How to Retain Your Millennial Employees

Two weeks ago we hosted our first Learnitect Breakfast Roundtable Series and welcomed COOs and Heads of People from leading fast growing tech companies Benivo, Deliveroo, Salesforce, Mastered, Freshminds, Yoyo Wallet, Pockit, Circle and Cisco.

This is part 2 of a three-part series sharing the best practices for attracting and engaging Millennials captured at the event. Find Part 1 and Part 3 here.

Employee retention is the most challenging part of the employee lifecycle. Average tenure at start-ups tend to be short and even established corporates have trouble retaining their Millennial talent.

Adobe is one of the many companies doing away with formal performance reviews, replacing the process with regular feedback. However, the practicality of doing away with formal documentation on ratings and rankings may not be right for every organization.

Easier wins include providing social budgets for specifically designed groupings (e.g., cohorts starting at the same time, teams that rarely work together, mentor-mentee budgets) or totally randomizing it (e.g., regular “Mystery Lunches” with randomly picked participants). Other great ideas include allowing employees to spend time on business improvement projects and allowing each employee a small budget to pursue their interests (with the requirement of sharing what they have learned).

Here are some more practical best practices for retention:

  • All employees should be clear about their career paths. Confusion over career path is one of the most common frustrations of start-up employees. Millennial are hungry for continuous professional development.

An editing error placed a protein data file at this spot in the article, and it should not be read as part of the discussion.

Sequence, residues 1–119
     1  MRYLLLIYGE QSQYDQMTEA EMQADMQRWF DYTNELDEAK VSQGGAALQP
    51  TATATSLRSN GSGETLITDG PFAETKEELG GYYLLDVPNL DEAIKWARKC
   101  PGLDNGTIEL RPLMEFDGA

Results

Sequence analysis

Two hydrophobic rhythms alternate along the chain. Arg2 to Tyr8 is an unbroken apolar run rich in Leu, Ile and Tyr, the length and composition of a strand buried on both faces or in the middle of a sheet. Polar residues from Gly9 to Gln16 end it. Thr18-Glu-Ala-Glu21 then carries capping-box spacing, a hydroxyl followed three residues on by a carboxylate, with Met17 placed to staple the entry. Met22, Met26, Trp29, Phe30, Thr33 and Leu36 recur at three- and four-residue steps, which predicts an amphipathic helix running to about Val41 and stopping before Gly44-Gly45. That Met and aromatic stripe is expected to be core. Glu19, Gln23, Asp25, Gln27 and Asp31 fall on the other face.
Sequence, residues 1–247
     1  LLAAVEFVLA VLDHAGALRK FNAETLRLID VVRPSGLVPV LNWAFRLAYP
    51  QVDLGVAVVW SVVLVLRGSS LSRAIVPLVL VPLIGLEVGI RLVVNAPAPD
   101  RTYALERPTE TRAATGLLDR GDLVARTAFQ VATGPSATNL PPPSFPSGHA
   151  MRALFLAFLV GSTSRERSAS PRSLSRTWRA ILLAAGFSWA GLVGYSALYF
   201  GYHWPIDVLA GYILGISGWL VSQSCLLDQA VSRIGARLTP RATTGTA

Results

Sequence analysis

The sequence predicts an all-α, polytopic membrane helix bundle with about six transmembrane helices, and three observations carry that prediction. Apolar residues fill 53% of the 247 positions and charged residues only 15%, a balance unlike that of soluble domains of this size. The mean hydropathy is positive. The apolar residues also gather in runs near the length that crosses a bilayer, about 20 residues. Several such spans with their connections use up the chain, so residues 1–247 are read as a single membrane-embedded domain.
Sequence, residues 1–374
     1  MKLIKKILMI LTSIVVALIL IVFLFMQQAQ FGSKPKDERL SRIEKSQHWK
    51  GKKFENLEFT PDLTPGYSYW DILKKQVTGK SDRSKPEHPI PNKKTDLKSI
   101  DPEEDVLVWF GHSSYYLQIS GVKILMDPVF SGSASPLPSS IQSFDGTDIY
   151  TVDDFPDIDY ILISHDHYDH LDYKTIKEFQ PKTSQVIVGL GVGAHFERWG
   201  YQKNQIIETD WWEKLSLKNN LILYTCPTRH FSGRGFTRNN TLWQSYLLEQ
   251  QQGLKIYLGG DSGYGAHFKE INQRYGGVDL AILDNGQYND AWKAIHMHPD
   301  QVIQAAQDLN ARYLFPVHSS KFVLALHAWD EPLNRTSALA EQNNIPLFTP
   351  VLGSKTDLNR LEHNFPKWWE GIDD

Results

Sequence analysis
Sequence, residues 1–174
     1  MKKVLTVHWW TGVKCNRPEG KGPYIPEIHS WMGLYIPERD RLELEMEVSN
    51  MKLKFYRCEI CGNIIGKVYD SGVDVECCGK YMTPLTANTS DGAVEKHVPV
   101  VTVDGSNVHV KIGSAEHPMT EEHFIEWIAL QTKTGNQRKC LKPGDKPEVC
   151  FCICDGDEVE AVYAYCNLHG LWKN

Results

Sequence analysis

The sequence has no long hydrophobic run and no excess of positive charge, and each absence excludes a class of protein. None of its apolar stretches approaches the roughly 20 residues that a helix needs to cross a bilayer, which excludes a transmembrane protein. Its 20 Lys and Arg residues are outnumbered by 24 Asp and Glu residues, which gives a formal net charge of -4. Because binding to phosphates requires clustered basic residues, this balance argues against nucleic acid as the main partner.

• Maintaining transparent communication may be challenging as not all messages are suitable to be shared. Focus on keeping everyone informed of the company vision.

  • Feature an employee in your staff newsletter/all-hands. Keep it light hearted and fun so people can learn about each other.

  • Create simple processes/tools (e.g., forms, apps) for employees to document important conversations (e.g., feedback and goal-setting). This creates accountability. You may want to consider opening the goals to everyone to create ultimate transparency.

  • Create expectations that feedback could be both positive AND constructive. Have managers set examples of soliciting constructive feedback. Share stories of how constructive feedback help people grow.

  • Consider reviewing performance based on desired behaviours which are aligned to the company values. Displaying true ownership of work and mastering stakeholder relationships are two key skills to have in any ambitious organization.

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